Many of the film's minor touches are pulled off with crackerjack skill; I loved the bit in which a casino full of slot-machine players whined when the power went out right before all hell broke loose, and there's a wonderful casualness to the way one of the Mosura swats at a locomotive and subsequently eats it. But despite its state-of-the-art visuals, Edwards' movie still feels too much like stale goods. (This also feels true of much of Borenstein's dialogue, especially when one of the film's young military men makes the comment, "It takes a licking and keeps on ticking." Could any 20-somethings possibly be aware of this ancient slogan for Timex?) And even though any film that casts the eternally relaxed David Strathairn as its de rigueur Grouchy Military Commander demonstrates inherent cleverness, there's far too little of it on display in this Godzilla. "I have to see this!" shouts Watanabe at a critical moment. I had to, too. And now I'm a little bummed that I did.
MILLION DOLLAR ARM
I do feel kind of bad for Godzilla, because within its action-packed-summer-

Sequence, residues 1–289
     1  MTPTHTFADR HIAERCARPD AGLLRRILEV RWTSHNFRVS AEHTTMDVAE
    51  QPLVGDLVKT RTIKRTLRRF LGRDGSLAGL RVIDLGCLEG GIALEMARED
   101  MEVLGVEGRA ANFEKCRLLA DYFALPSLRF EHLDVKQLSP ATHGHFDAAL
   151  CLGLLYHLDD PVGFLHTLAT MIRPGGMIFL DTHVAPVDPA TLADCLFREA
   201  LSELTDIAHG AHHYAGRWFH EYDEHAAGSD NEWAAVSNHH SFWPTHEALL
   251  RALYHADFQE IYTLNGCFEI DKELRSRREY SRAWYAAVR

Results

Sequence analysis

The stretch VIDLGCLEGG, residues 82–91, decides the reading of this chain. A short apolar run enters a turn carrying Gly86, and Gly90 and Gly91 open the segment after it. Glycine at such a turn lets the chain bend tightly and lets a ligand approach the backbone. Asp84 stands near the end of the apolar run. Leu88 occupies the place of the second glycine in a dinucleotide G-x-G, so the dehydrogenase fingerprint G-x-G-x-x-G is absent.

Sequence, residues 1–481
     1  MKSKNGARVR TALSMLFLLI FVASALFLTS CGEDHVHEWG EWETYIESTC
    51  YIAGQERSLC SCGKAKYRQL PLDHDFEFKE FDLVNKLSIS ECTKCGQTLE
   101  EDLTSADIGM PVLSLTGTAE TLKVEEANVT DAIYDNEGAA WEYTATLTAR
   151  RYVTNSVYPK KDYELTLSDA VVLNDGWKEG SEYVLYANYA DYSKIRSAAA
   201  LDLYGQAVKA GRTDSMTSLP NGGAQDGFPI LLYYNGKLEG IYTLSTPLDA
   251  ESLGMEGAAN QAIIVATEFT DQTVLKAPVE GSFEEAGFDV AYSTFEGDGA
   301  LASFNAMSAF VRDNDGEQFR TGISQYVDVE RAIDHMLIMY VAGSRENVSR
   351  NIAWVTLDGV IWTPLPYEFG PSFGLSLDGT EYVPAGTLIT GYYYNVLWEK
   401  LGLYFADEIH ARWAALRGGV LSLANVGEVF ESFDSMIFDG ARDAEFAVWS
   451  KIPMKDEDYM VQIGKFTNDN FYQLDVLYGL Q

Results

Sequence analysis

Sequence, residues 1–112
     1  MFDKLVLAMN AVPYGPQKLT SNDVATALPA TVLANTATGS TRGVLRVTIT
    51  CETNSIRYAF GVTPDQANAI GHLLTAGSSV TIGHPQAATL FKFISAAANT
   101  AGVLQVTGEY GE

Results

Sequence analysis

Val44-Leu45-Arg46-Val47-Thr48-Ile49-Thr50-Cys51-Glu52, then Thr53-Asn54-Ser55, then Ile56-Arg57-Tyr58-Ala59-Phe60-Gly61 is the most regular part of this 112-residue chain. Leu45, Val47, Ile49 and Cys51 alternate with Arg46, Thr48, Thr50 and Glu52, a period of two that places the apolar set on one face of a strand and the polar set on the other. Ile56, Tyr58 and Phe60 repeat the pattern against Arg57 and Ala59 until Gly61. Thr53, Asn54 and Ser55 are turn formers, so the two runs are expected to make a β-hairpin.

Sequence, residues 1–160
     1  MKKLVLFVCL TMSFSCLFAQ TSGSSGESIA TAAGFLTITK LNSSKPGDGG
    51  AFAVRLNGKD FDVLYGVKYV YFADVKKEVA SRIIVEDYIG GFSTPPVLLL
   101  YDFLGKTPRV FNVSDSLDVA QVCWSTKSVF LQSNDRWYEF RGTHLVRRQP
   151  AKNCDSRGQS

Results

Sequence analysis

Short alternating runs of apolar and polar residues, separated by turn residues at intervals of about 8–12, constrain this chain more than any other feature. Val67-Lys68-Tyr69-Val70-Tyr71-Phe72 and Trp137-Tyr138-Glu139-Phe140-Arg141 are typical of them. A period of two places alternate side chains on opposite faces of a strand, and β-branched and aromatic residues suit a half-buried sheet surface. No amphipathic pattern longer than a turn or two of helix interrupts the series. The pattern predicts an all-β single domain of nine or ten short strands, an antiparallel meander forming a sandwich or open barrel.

Sure, director Craig Gillespie's lighthearted drama is expectedly sappy, shameless, and obvious in that Disney manner, with the lump-in-the-throat moments landing right on cue and precious little, if anything, of intellectual or emotional complexity on hand. (Once their characters land in America, Mittal and Sharma are also forced into a few too many unfortunate fish-out-of-water gags, but these effortlessly appealing actors from Slumdog Millionaire and Life of Pi, respectively, execute them with considerable grace.) Yet all formulaic feel-goods of this sort should be so blessed as to have Tom McCarthy as their screenwriter; the profoundly gifted director/author of The Station Agent, The Visitor, and Win Win may hit all the traditional beats, but he does so with absolute elegance and wonderfully grown-up wit. (The teasing, frisky byplay between Hamm and the forever luminous and charming Lake Bell might make this the most enjoyable superfluous screen romance in the history of superfluous screen romances.) And while the early scenes in India, with their Disney-fied yet undeniable exoticism, are the movie's high points, Gillespie's outing has energy and drive even in its more rote L.A. sequences, plus a superb cast that includes Aasif Mandvi, Alan Arkin, Bill Paxton, Darshan Diwala, and the live-wire Indian comedian Pitobash. Million Dollar Arm may appear to be the family-friendly love child of Slumdog Millionaire and Jerry Maguire, but it's entertaining and sincere and consistently watchable, and at no point did I even consider a nap.